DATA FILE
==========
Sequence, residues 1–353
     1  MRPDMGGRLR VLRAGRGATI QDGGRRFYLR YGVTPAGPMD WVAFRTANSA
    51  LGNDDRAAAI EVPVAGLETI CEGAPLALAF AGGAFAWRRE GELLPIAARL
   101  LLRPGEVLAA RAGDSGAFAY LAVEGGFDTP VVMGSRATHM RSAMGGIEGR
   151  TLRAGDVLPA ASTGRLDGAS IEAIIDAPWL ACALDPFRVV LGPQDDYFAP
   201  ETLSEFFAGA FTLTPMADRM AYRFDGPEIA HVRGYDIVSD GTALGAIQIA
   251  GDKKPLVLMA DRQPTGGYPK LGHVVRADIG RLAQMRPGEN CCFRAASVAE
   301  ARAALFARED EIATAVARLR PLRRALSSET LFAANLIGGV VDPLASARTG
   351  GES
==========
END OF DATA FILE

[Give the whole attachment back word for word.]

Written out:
Sequence, residues 1–353
     1  MRPDMGGRLR VLRAGRGATI QDGGRRFYLR YGVTPAGPMD WVAFRTANSA
    51  LGNDDRAAAI EVPVAGLETI CEGAPLALAF AGGAFAWRRE GELLPIAARL
   101  LLRPGEVLAA RAGDSGAFAY LAVEGGFDTP VVMGSRATHM RSAMGGIEGR
   151  TLRAGDVLPA ASTGRLDGAS IEAIIDAPWL ACALDPFRVV LGPQDDYFAP
   201  ETLSEFFAGA FTLTPMADRM AYRFDGPEIA HVRGYDIVSD GTALGAIQIA
   251  GDKKPLVLMA DRQPTGGYPK LGHVVRADIG RLAQMRPGEN CCFRAASVAE
   301  ARAALFARED EIATAVARLR PLRRALSSET LFAANLIGGV VDPLASARTG
   351  GES